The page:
Back to Home Page
Demo Course

Introduction to CPR

The body requires a constant circulation of oxygen from the lungs to the organs to live. The heart is responsible for pumping oxygen carrying blood throughout the body. When the heart fails to pump the blood, and the organs do not receive oxygen, a downward path of damage begins, leading to the victim’s death. The heart may stop beating for different reasons, including injury and disease. If a rescuer is present at the onset of sudden cardiac arrest, CPR may be initiated to save the victim's life.

Good Samaritan Laws

Good Samaritan Laws exist in many states to protect volunteers offering aid to an injured person. Under the law, a person giving assistance to an injured person is free from civil liability under the following conditions: The person giving assistance must be acting voluntarily, without the expectation of reimbursement or compensation in any form, and the aid must be given at the scene of the emergency.

Good Samaritan Laws do not apply to persons providing advice and aid through the course of their regular employment, such as doctors, nurses, and other health care professionals. It may also fail to protect a person acting in a reckless or wanton manner. A person will not be protected under the Good Samaritan Law if they are the cause of the emergency.

Chain of Survival

The Chain of Survival is a treatment method designed by the American Heart Association to treat victims with sudden cardiac arrest (SCA). In this condition, the victim’s heart twitches irregularly, stopping the flow of blood and oxygen throughout the body. SCA is fatal unless medical intervention is provided in a timely manner. The chain of Survival’s structure gives rescuers a protocol to follow, increasing the victim’s chance for survival. Each minute that passes between the onset of symptoms and intervention increases the victim’s chance of death by up to 10%. There are five steps in the chain:

  1. Immediate recognition of cardiac arrest, call 911
  2. CPR with emphasis on chest compressions. Continue CPR until medics arrive
  3. Rapid defibrillation with an AED (this is necessary to restore a normal heartbeat) within minutes of the onset of symptoms
  4. Advanced life support, administered by trained medics
  5. Post-cardiac arrest care, administered in a hospital setting

Cardiopulmonary Resuscitation (CPR) Adult/Child/Infant

The procedures used when administering CPR depend on a few variables. The victim's age and the number rescuers are the most important. Infant CPR is used with victims under the age of one. Child CPR is used with victims between the ages of 1 and puberty. Adult CPR is used on victims who have entered puberty and older.

The protocol for CPR assumes that two rescuers are present: one to administer CPR and one to retrieve the AED.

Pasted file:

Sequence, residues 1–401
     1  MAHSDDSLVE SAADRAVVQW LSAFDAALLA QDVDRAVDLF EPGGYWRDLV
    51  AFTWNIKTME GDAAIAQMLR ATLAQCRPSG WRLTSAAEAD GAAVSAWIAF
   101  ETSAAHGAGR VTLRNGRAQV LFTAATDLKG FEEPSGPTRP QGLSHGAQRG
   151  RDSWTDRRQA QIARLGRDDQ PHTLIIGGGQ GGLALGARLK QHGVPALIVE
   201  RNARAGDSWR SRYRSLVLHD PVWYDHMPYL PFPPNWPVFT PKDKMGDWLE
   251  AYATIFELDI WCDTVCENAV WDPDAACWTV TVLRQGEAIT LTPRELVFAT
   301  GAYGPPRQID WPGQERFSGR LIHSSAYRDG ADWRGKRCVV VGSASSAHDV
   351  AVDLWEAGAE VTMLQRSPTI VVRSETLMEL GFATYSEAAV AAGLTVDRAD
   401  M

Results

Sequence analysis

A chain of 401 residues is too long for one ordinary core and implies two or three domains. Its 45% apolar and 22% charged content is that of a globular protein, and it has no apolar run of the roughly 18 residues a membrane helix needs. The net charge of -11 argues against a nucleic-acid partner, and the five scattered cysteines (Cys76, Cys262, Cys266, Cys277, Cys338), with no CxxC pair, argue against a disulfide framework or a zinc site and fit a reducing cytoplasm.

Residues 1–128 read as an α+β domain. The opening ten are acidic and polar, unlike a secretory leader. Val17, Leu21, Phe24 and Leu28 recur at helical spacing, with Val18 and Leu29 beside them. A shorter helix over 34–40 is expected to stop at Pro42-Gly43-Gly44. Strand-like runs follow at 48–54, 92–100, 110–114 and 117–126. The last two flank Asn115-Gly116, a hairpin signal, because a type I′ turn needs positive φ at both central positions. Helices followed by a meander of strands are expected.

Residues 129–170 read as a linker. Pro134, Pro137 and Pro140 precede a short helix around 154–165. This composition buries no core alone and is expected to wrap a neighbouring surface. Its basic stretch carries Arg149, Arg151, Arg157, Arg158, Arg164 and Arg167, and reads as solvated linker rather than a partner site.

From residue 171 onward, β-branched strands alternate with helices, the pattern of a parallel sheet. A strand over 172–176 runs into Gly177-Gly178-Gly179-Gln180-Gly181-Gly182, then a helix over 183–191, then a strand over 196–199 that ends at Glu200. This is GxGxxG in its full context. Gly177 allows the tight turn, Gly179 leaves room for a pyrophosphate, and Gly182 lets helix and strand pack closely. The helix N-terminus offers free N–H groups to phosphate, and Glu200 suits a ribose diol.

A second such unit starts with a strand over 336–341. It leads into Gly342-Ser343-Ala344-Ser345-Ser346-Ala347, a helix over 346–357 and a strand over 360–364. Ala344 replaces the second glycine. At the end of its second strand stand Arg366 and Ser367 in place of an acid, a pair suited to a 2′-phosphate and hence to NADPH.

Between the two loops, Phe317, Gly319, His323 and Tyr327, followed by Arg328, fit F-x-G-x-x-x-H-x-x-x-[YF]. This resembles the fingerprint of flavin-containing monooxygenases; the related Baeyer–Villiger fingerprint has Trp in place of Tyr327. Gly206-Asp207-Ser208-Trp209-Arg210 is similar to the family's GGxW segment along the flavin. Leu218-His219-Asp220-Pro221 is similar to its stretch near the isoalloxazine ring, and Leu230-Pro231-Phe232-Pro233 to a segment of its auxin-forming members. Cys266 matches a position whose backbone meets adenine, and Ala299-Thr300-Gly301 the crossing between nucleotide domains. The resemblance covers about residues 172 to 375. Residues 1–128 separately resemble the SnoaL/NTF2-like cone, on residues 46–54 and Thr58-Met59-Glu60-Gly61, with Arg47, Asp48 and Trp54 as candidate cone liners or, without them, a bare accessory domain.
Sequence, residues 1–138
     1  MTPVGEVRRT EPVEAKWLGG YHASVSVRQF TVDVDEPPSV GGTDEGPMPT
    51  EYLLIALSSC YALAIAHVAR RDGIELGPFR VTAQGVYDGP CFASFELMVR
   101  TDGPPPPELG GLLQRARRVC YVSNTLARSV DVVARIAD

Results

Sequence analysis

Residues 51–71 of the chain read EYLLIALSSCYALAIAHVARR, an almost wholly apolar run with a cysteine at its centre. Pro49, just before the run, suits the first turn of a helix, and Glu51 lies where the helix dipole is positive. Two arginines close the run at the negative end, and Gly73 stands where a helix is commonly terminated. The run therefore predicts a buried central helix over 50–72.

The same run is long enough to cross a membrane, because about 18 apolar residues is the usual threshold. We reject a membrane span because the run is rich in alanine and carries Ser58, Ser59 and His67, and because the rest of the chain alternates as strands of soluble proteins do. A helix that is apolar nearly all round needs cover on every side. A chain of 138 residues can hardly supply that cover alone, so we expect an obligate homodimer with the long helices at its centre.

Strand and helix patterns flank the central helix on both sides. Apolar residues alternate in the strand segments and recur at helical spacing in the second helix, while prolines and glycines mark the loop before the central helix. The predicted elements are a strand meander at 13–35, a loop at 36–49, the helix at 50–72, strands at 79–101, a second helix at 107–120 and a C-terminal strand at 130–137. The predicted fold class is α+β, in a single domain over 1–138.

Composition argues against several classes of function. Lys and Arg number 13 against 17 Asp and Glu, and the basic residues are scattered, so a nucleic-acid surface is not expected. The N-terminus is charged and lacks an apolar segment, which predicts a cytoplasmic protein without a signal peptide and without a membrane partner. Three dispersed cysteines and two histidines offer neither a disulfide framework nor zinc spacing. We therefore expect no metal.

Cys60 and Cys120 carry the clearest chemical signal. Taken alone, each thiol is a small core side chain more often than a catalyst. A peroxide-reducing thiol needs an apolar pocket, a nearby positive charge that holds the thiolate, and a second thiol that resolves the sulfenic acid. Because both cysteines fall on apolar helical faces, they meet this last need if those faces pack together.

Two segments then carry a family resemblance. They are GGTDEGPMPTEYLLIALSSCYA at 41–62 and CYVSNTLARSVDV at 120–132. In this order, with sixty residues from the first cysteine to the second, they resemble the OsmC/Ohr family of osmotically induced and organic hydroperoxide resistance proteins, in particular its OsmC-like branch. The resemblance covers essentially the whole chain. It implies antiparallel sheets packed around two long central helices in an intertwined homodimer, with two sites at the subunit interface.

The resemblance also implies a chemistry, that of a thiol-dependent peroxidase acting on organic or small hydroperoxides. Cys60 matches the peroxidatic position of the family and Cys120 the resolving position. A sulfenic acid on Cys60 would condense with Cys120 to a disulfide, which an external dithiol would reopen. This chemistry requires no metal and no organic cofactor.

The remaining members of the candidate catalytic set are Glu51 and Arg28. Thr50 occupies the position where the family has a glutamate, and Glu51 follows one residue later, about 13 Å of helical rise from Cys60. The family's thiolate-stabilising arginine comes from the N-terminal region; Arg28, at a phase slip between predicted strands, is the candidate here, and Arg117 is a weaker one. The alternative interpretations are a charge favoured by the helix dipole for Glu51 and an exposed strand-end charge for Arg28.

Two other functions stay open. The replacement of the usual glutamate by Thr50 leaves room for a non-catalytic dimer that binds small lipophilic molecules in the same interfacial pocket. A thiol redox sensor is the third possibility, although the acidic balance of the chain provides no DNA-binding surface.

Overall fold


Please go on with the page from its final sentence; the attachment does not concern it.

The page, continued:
Protocol for Two Rescuers

  • Victim becomes unresponsive, not breathing, or only gasping for air
  • Assess that the victim is truly unresponsive by yelling or tapping on the victim's shoulders.
  • Call 911
  • Rescuer A begins CPR (compressions and ventilations) while rescuer B retrieves an AED
  • Use the AED to check the victim as soon as possible, repeat every two minutes
  • Push hard and fast while administering CPR

In many situations, a team of rescuers will be present, allowing for further delegation of tasks. Rescuer A can call 911 while Rescuer B begins compressions and Rescuer C prepares to administer ventilations. Simultaneously, Rescuer D is retrieving the AED and preparing for its use. Working as a team allows the victim to receive higher quality CPR in a timelier manner.

At the same time, a rescuer may find himself alone when dealing with an emergency. If the rescuer is alone, he should call 911 before beginning CPR unless the victim suffered an injury or drowning. In those cases, one minute of CPR should be administered before pausing to call 911. If an infant or child is found unconscious, deliver two minutes of CPR before pausing to call 911.

Administering CPR to a child or adult

  • Ask the victim, "are you ok?" to check for consciousness. Try tapping on the shoulders to stimulate the victim. If the victim is truly not breathing and requires CPR, continue with the sequence.

  • Position the victim laying flat on his back. Open or remove the victim's shirt to provide access to the chest. Kneel next to the victim and position the hands on the victim's chest.
    • The heel of one palm should be placed on the center of the chest, in line with the victim's nipples. Place the heel of the other hand on top of the first and interlock fingers.
    • The fingers should point towards the victim's nipples, with the long axis of the hand parallel to the ribs. This reduces the chance of rib fractures.
    • Compressions are delivered with the heel of the palm. Fingers should not make contact with the chest during compressions. It may be necessary to extend or curl the fingers under to achieve this position.
    • The rescuer should keep his elbows straight, shoulders over the hands, and lean over the victim. This creates a posture that allows hard and fast compressions to be delivered.

  • Begin with 30 chest compressions at a rate of at least 100 compressions per minute. Allow the chest to completely recoil between compressions. Press on the center of the chest. It may be helpful to count the compressions out loud as they are administered to keep track of progress.
    • For adult victims, the compressions should be two inches deep.
    • For child victims, the compressions should be 1/3 the chest diameter, or about two inches deep.